Published Media Articles

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In its coronavirus response, Japan must not repeat the mistakes of the Fukushima disaster

Is Japan acting boldly or simply muddling through? Amid the fog of official messaging, it’s impossible to know for sure. Read More

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During a brutal pandemic, a rethinking of the Olympics seems inevitable

An Olympics fortnight, if it went ahead as planned, would certainly qualify as any infectious disease expert’s nightmare scenario. Read More

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The High Cost of High Tech

Peter Wynn Kirby says the long-standing corporate practice of moving heavily polluting manufacturing work overseas has suffered a severe blow thanks to the enlightened approach of a Taiwan court. Read More

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Playing Pass the Parcel With Fukushima

In the five years since the earthquake, tsunami and nuclear meltdowns that devastated Fukushima Prefecture, the Japanese government has undertaken mammoth efforts to decontaminate irradiated communities. Read More

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The Big Lie Behind Japanese Whaling

The International Court of Justice’s decision last March to prohibit Japan’s annual whale hunt in Antarctic waters was greeted by many as an historic step against a reprehensible practice. Yet last month, despite the enormous diplomatic toll, Japan vowed to continue its whaling activities under a controversial research program of dubious scientific merit. Read More

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‘Flammable ice’:
a bad choice

Ironically the Japanese ship that a few weeks ago achieved the historic feat of drilling down, extracting and burning “flammable ice” (aka methane hydrate, available in huge quantities underseas globally but notoriously difficult to utilize) was christened Chikyu, the Japanese word for Earth. Read More

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Japan’s tale of two stockpiles

Mount Fuji stands as a powerful eco-symbol in Japan, invoked frequently to describe elements of Japanese nature and culture. According to Japanese writers and others, Mount Fuji’s towering summit-cone and elegantly balanced slopes convey the remote majesty of nature, the essence of purity, a trove of immutable values, a model of aesthetic perfection, and a store of Japanese reserve, to name but a few. Read More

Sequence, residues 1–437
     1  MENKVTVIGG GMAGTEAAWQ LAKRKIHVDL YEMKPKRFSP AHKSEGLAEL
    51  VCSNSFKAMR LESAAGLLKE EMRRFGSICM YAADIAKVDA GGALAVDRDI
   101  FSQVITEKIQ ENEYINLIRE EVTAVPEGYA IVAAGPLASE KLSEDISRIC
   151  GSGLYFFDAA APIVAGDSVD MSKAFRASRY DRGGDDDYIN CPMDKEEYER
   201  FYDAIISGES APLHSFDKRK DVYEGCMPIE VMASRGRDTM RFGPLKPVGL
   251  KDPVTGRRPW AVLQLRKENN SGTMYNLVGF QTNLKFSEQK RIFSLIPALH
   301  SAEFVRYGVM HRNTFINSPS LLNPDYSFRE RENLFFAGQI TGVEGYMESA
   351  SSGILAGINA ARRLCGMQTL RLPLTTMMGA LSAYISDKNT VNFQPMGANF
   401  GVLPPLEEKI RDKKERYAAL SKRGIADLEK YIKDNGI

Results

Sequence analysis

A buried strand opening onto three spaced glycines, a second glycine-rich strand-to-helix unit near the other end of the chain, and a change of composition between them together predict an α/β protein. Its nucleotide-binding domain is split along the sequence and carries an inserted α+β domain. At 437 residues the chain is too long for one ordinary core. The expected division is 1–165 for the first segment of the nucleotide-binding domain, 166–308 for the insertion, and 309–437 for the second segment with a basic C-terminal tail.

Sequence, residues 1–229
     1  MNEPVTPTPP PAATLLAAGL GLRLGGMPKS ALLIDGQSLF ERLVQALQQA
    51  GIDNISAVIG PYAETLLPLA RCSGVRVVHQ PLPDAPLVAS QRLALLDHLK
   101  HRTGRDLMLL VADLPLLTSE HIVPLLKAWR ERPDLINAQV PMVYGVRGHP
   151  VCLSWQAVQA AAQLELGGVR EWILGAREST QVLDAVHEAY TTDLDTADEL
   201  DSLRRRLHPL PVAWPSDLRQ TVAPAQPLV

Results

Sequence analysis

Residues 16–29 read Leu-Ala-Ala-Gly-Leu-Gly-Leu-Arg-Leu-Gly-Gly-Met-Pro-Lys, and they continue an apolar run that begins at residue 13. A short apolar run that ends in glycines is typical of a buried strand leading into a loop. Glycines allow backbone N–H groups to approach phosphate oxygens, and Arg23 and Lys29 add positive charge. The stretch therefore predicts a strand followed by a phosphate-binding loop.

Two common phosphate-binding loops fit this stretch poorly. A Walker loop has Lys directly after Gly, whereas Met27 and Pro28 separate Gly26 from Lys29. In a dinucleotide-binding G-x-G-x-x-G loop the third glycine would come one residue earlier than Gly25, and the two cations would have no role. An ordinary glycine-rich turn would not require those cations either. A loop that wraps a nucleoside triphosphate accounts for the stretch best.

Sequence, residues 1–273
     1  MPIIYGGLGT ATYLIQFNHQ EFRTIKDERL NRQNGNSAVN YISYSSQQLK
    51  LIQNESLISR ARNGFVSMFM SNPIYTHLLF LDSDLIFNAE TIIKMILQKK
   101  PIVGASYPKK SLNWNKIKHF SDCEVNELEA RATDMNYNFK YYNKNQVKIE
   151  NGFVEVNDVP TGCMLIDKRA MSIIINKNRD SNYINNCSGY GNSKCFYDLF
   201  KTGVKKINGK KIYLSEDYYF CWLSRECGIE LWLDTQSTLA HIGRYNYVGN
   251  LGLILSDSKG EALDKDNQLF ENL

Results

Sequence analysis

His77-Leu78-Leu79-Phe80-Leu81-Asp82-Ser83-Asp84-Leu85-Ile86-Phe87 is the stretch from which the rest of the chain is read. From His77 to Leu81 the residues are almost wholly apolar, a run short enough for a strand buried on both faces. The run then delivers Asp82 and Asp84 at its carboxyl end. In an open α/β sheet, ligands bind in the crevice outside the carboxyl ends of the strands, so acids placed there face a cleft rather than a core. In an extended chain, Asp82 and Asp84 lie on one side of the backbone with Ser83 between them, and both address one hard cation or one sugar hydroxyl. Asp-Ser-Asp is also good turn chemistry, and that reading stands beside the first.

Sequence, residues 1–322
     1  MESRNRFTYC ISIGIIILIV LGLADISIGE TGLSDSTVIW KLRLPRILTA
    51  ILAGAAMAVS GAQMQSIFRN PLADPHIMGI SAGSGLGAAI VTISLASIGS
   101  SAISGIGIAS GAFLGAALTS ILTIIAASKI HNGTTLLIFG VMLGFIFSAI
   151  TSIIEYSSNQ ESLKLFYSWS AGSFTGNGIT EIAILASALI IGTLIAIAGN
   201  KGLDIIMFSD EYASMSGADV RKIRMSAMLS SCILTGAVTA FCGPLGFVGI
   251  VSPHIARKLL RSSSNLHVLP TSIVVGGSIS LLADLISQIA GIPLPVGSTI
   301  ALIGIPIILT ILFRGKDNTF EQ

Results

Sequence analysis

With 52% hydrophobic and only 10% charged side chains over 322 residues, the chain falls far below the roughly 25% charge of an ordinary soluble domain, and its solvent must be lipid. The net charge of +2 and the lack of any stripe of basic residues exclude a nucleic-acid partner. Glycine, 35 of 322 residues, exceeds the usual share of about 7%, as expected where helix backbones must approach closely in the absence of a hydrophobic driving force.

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Japan’s Long Nuclear Disaster Film

Peering at the post-tsunami devastation in Japan on miniature YouTube windows or video-streaming displays from Japanese news outlets provokes not only great empathy and concern, but an unmistakable feeling of déjà vu. As a scholar focusing on the place of nuclear energy in Japanese culture, I’ve seen more than my share of nuclear-themed monster movies from the ’50s onward, and the scenes of burning refineries, flattened cities, mobilized rescue teams and fleeing civilians recall some surreal highlights of the Japanese disaster film genre. Read More

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Getting the air we deserve

There is an upside to recent tragic events triggered by the outbreak of COVID-19, and it can serve a useful purpose. Read More

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Despite promises of revitalisation from Japan’s government, seven years on from the nuclear disaster the area is still struggling. Read More

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Britain’s Nuclear Cover-Up

 Last month, the British government signed off on what might be the most controversial and least promising plan for a nuclear power station in a generation.

Why did it do this? Because the project isn’t just about energy: It’s also a stealth initiative to bolster Britain’s nuclear deterrent. Read More

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Japan's Plutonium Problem

When Japan marked the 70th anniversary of Nagasaki’s obliteration by a plutonium bomb on Aug. 9, its own cache of weapons-usable plutonium was more than 47 metric tons — enough to make nearly 6,000 warheads like the one that flattened Nagasaki. Read More

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Europe's new nuclear experience casts a shadow over Hinkley

With two new UK reactors planned at Hinkley Point C in Somerset and three years after the meltdowns at Fukushima in Japan, it is worth considering whether the design, procurement, construction, and management of nuclear power plants is sufficiently reliable to allay public concern over radiation and value for money. Read More

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Hate Week in China

Japan's putative "grabbing" of the Senkaku Islands has been shrilly reported in Chinese media this past month. Known in China as the Diaoyu Islands, this small collection of islets and rocky outcroppings in the East China Sea has lain outside of direct Chinese control since 1895. By 1970, the discovery of probable fossil fuel resources transformed these uninhabited islets into a watery stage for political theatre. Read More

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Fukushima Daiichi Plant Disaster Inflames Japan’s ‘Nuclear Allergy’

The nuclear crisis has rallied a weary nation, but also risks spurring discrimination against the contaminated. Peter Wynn Kirby on the test the disaster poses for Japanese society. Read More

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© 2018 by Peter Wynn Kirby.